A few weeks ago, I found myself shuttling back into time as we drove through the Transylvania countryside in northwestern Romania.
Once part of Hungary, forever the birthplace of Count Dracula, this former part of the Austro-Hungarian Empire is a region to which many American Jews trace their roots.
Today its once-significant Jewish population is now but a memory.
Following a major highway, our driver careens from side to side as he attempts to out-maneuver the potholes.
And while it may sound like a car race for weekend sports car lovers, it’s really the beginning of a Jewish-roots tour, sponsored by the S.F.-based Jewish Community Federation.
This trip had three objectives — to observe the remains of places with once-grand Jewish histories, experience Jewish life in Romania today and visit the aging recipients of assistance from the American Jewish community.
Dollars raised by local federations are converted into food, medicine and social services by the American Jewish Joint Distribution Committee.
Packages are then delivered by volunteers and professionals throughout Eastern Europe, the former Soviet Union and areas of Jewish pain, including economically depressed Argentina.
This time, we’re in Romania, touring cities large and small, tracing the remnants of a once-large (800,000 strong) Jewish community. Today 1 percent of that remains.
Here, tourists are still an oddity, so we’re greeted with smiles (perhaps of delight, perhaps of amazement) throughout the countryside. And wherever we go, we look for the Jewish sites — synagogues, cemeteries, senior centers — that still dot the landscape.
In the country, one feels frozen in time. Farmers still plow their fields with ancient iron implements, a man standing on the plow, another leading a horse.
Behind them are the women of the family, young and old, weeding the fields bent over at the waist. Often, the elderly women are in black dresses, while the younger women wear bikinis to better cope with the intense heat.
Almost every village, and certainly every town, holds striking reminders of hundreds of years of Jewish settlement and prosperity.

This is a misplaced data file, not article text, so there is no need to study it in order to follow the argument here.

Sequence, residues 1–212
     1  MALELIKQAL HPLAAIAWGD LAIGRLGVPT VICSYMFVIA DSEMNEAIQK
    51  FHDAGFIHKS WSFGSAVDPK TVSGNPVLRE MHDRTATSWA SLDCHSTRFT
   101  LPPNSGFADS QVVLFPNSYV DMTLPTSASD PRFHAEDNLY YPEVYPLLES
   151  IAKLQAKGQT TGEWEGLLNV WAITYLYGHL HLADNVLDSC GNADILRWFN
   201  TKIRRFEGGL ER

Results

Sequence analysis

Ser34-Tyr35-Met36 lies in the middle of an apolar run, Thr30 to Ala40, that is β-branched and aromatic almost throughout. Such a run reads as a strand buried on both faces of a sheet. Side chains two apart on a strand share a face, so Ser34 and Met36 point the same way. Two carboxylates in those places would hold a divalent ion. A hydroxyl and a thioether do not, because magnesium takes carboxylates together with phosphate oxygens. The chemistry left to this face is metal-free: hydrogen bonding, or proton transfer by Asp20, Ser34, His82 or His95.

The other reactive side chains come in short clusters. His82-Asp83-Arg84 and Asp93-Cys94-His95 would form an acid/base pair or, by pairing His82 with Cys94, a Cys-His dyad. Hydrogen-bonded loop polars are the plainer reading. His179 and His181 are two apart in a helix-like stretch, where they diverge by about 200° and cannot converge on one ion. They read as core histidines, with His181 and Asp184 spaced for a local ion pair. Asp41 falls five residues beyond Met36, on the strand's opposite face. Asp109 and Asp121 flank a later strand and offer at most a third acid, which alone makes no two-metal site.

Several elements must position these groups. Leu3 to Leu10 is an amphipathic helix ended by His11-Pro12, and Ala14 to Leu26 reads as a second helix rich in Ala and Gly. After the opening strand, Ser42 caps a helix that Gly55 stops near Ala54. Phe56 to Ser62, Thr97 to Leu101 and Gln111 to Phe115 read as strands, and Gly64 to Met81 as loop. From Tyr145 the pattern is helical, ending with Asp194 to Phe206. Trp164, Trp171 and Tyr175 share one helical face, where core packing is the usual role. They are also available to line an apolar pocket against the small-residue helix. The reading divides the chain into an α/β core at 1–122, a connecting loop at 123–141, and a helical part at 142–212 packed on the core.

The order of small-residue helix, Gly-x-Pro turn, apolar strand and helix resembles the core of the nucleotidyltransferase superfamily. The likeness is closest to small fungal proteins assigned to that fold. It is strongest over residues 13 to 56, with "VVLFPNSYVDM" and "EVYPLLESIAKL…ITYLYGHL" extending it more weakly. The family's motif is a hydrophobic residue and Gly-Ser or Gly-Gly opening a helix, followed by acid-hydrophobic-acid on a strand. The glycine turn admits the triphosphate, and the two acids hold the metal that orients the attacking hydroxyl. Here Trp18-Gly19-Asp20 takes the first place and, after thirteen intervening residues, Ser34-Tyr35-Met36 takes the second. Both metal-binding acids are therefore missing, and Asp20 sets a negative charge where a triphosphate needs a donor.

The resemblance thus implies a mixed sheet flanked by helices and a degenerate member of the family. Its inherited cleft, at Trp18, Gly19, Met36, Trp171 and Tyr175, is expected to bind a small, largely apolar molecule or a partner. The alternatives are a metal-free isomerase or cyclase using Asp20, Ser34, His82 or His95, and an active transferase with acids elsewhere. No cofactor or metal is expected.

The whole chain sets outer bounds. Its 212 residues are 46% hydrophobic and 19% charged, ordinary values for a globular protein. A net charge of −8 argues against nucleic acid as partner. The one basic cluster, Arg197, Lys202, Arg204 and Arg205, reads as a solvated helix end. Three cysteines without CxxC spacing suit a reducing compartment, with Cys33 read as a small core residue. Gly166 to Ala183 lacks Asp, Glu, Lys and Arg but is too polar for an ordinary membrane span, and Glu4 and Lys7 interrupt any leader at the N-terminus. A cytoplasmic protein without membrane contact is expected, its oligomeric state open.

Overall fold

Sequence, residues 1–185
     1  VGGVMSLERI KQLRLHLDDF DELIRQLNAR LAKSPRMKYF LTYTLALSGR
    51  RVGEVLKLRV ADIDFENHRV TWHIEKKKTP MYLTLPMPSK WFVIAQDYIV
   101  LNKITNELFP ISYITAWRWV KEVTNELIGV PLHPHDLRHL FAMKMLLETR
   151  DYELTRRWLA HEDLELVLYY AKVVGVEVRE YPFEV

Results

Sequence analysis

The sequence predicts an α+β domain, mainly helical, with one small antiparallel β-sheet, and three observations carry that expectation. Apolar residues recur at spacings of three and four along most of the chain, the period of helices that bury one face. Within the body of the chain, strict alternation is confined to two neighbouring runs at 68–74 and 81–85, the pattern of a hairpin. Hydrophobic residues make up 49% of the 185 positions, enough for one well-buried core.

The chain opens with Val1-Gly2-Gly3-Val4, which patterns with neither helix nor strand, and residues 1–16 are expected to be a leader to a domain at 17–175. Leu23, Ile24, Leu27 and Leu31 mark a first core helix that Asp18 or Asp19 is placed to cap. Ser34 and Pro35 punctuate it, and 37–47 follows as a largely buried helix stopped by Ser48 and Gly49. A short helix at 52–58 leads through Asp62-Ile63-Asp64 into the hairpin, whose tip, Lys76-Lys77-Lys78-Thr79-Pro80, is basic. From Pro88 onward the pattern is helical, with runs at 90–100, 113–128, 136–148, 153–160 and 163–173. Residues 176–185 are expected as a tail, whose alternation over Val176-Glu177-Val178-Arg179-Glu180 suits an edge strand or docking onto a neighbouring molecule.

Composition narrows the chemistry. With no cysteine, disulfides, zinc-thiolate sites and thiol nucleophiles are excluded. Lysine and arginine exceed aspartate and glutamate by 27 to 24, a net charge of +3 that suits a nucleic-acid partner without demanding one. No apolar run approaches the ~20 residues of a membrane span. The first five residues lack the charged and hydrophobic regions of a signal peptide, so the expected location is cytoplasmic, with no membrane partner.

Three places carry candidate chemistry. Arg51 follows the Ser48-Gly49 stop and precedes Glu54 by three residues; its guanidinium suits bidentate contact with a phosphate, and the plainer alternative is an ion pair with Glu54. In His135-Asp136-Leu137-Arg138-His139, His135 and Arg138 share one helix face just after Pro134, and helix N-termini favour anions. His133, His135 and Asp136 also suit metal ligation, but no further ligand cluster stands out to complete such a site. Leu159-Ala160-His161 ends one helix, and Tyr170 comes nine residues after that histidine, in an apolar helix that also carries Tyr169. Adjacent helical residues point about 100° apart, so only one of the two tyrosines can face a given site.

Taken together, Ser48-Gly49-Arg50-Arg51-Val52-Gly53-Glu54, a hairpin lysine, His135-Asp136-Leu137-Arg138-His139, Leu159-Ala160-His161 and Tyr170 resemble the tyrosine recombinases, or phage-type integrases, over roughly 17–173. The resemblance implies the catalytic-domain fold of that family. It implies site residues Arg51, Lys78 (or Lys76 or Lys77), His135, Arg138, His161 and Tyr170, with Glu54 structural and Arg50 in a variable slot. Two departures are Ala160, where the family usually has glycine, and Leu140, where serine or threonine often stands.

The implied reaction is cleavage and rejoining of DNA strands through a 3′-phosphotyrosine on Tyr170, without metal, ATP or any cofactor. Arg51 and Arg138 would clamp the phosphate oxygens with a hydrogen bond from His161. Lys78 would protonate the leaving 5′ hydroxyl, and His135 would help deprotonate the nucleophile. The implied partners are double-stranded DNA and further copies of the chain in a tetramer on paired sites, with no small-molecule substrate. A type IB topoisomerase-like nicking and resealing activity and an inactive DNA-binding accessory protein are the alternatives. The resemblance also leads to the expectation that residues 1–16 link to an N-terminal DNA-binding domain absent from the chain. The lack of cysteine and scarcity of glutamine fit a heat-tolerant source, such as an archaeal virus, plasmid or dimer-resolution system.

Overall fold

In Carei, a small town near the Hungarian border, there is a proud synagogue, largely restored, that once held hundreds of Jews at prayer. Today, there are three Jews left. The “president” of the community is 80. The other two members are 78 and 79.
The grounds of this synagogue are immaculate.
The building is watched over by a family of non-Jewish caretakers, who evidence great pride in their responsibility.
In the winter, it’s too expensive to heat, but in the summer, the building gets occasional use for concerts by traveling Jewish choruses, whose performances remind Carei’s residents about a missing segment of their town’s history.
And then there’s Oradea, a stunning city of 200,000, once largely Jewish. Today, it is a UNESCO World Heritage site, attempting to preserve and restore scores of elegant older buildings that were built at the height of the Austro-Hungarian Empire to house successful Jewish families and businesses.
World War II saw a majority of Romanian Jews sent to their deaths by the Nazis and their Romanian allies, and the early 1960s witnessed a large immigration to Israel that further reduced the community, but Oradea still has a core Jewish community desperately trying to renew its growth.
We sit in their small community center, used mainly to provide hot meals to elders once a day, listening to the Oradea Jewish Chorus. Perhaps 50 or 60 strong, the members range in age from 3 to 83.
Led by a local resident with an accordion, backed up by two local symphony members playing the violin and bass, the faces of the choir members are highly animated as they welcome us with songs in Yiddish, Hebrew and Hungarian.
Sitting in this warm and humid room, no one in our group moves. After seeing so many abandoned Jewish places, this one defies gravity. This is renewal if we ever seen it, and it gives us the first bit of hope that there may be a future for the Jewish community in Romania.
Seventy-five percent of the Jews remaining in Romania are elderly. They are kept alive by monthly food and medicine packages from the JDC, which have extended the average elderly Jews’ life by eight years compared to his non-Jewish neighbor. The rooms of the elders we visited all contain time suspended in photographs from happier days. While looking back is common to all cultures, among Romanian Jews the dramatic loss of whole generations during World War II, and the hard years that followed, intensify the need for these survivors to preserve their memories. These elders rarely leave their rooms. So occasional visitors, like ourselves, becomes a beam of sunshine, bringing fresh air into these closed, tired spaces with peeling paint.
As we step back into time, visiting ancestors we never knew, it helps remind us of the importance of working to ensure that future generations of Bay Area Jews continue to know a vibrant and exciting community, rather than some day simply visiting empty spaces that once reverberated with the sounds of Jewish life.
The writer, a San Francisco resident and a past president of the Jewish Community Federation, serves on the board of the American Jewish Joint Distribution Committee.